The findings and conclusions of the Nice Court give some additional details with respect to the $2.7 million which Morelli at Chase, acting on Townsend's instructions, wired to Gloria Russo to use in purchasing a villa in Monaco. At one point during the criminal investigation in France, Susse appeared before the Examining Magistrate. Ex. F at 12. The Nice Court's judgment, basing its findings upon proof adduced before it and Susse's statements to the Examining Magistrate, states in pertinent part:
"Examining magistrate" is the English translation for the French title Juges d'instruction, judicial officers "who receive in cases of criminal offenses the complaints of the parties injured, and who summon and examine witnesses under oath, and, after communication with theprocureur imperial, draw up the forms of accusation" Black's Law Dictionary (4th ed. 1951) at 941.
It became obvious in this case that TOWNSEND had transferred the amount of 2,700,000 $ by order of SUSSE on February 23rd, 1996, to the "Credit Foncier de MONACO." During the hearing concerning this file document, SUSSE specified that this money was to be used for the purchase of a guarantee related to a letter of credit from the Dubai Bank.
Before the Examining Magistrate, SUSSE declared: "As the money was available at the Credit Foncier de MONACO, I used it to buy a villa for my wife, as my personal funds were blocked due to future financial investment operations.
The Nice Court's judgment, after discussing in detail the incorporation of Hampstead Trust Limited and Susse's relation to it, went on to say: "A second company participated in this type of operation, i.e., the TOWNSEND INVESTMENT FUNDS company." Ex. F at 9. At the May 2, 2001 hearing, counsel for Renner argued from this language that the French Court "found that there was a fraud and that Townsend was a member of it." Tr. 12. I do not read the judgment of the Nice Court as going that far; Townsend does not deny that his company "participated" in Susse's operations, and Townsend was not on trial before the Nice Court. But I think that I can consider the Nice Court Proceedings in determining whether Renner has made the requisite showing in this Court to invoke the crime-fraud exception.
Given this record evidence, I conclude that plaintiff Klaus Renner has shown there is probable cause to believe that Townsend participated in, or aided and abetted, a fraud perpetrated by Gustav Susse upon Renner.
I think it is only fair to stress that the foregoing should not be read as expressing or intimidating any opinion on the part of this Court as to whether Gerald Townsend or any of his companies did in fact defraud Renner. Townsend denies that charge, and consequently it is for the jury at the end of the trial to decide whether or not Renner has proved it. I have engaged in this probable cause analysis because that is what the governing law requires me to do.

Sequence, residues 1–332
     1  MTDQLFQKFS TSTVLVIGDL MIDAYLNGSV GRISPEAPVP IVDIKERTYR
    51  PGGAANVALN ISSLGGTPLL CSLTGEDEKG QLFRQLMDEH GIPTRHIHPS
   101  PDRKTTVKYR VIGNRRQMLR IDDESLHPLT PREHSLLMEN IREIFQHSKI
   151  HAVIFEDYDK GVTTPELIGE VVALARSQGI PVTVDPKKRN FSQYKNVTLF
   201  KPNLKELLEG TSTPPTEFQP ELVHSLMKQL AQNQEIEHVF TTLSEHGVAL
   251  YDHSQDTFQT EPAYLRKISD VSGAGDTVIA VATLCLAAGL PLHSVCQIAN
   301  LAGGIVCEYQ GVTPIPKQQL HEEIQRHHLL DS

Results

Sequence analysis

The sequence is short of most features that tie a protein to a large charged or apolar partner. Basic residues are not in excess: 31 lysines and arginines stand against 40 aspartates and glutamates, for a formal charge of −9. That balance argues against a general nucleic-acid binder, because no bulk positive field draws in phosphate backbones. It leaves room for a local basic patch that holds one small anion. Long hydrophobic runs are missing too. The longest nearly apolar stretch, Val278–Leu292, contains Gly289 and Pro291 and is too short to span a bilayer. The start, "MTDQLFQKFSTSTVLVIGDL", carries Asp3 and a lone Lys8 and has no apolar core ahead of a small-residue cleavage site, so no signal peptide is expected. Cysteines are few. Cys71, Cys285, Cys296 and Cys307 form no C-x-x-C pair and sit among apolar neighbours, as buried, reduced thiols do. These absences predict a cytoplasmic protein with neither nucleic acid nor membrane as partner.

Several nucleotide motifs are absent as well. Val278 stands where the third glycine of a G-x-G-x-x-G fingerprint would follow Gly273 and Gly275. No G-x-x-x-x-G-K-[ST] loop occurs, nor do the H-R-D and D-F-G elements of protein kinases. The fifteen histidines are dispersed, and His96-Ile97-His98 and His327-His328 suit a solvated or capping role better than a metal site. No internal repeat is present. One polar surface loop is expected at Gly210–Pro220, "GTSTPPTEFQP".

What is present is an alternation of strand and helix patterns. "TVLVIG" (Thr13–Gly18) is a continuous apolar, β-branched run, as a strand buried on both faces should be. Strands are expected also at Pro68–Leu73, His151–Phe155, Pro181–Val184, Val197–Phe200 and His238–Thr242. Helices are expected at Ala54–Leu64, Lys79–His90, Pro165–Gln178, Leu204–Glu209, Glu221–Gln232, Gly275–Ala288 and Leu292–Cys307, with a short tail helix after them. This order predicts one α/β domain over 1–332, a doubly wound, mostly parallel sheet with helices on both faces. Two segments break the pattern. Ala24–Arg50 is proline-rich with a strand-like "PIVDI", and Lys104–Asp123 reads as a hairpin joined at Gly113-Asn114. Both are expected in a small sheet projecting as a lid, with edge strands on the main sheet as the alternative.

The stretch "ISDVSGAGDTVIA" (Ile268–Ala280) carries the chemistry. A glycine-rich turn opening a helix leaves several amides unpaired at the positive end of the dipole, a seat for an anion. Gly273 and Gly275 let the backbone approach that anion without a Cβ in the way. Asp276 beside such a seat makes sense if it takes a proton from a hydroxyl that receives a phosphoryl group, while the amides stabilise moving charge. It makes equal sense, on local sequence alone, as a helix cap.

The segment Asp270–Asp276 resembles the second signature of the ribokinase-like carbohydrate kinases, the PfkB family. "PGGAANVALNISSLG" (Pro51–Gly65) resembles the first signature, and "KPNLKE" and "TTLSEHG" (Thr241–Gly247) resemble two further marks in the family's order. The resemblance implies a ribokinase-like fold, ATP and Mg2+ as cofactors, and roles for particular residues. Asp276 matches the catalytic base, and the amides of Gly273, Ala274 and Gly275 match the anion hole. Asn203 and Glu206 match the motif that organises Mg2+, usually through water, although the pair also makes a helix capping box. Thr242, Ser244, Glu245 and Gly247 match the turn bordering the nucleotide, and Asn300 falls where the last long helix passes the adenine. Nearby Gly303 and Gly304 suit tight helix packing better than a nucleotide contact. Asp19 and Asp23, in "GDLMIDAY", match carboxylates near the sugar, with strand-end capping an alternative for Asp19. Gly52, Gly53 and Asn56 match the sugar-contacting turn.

C. Were Any Communications between Townsend and His Attorneys in Furtherance of that Fraud?
Document 138 is a letter dated December 30, 1995 that Gerald Townsend sent to Donald Clark at the Keck, Mahin firm. The letter begins:
Charley, Mike and I enjoyed our meeting with you yesterday and appreciate the time you spent with us.
Based on our meeting, our understanding is that you will be doing the following for us:
There follows a four-paragraph recitation of the several legal services that "Charley, Mike" and Townsend contemplated Clark and his firm would render to them.
Details about who was involved and the circumstances of this December 29, 1995 meeting may be gleaned from the affidavit of Charles Weaver, Pl. Ex. II.A on this motion. Weaver is a businessman in Raleigh, as is Townsend. In "mid 1995" Weaver, Townsend, and one Michael Atkins "discussed forming an investment group, the Townsend Financial Group, which was to offer to investors a high yield investment program." Weaver Affidavit at 2. Donald Clark had been Weaver's attorney for some 14 years, and Weaver had preliminary consultations with Clark "with regard to the formation of the Townsend Financial Group." Id. Weaver, Atkins and Townsend then "received an invitation to meet with Gustav Susse at his home in Monte Carlo to discuss a business relationship between the Townsend Financial Group and Susse's group, the Hampstead Partnership."Id. In September 1995, Weaver, Atkins and Townsend traveled together to Monaco to meet with Susse "and discuss this business arrangement." Id. Following the trio's return to the United States, Weaver introduced Townsend to Clark, "so that Townsend could discuss with Clark how the Townsend Financial Group could represent Susse in the United States," and Clark could advise Townsend "about the appropriate structure for the Townsend Financial Group to do business with Hampstead overseas." Id. at 2-3. As document 138 shows, Weaver, Atkins and Townsend all met with Clark on December 29, 1995 to discuss these matters. While Weaver had understood that he and Atkins would be shareholders in Townsend Financial Group, in fact they never received shares in that venture. Id. at 3.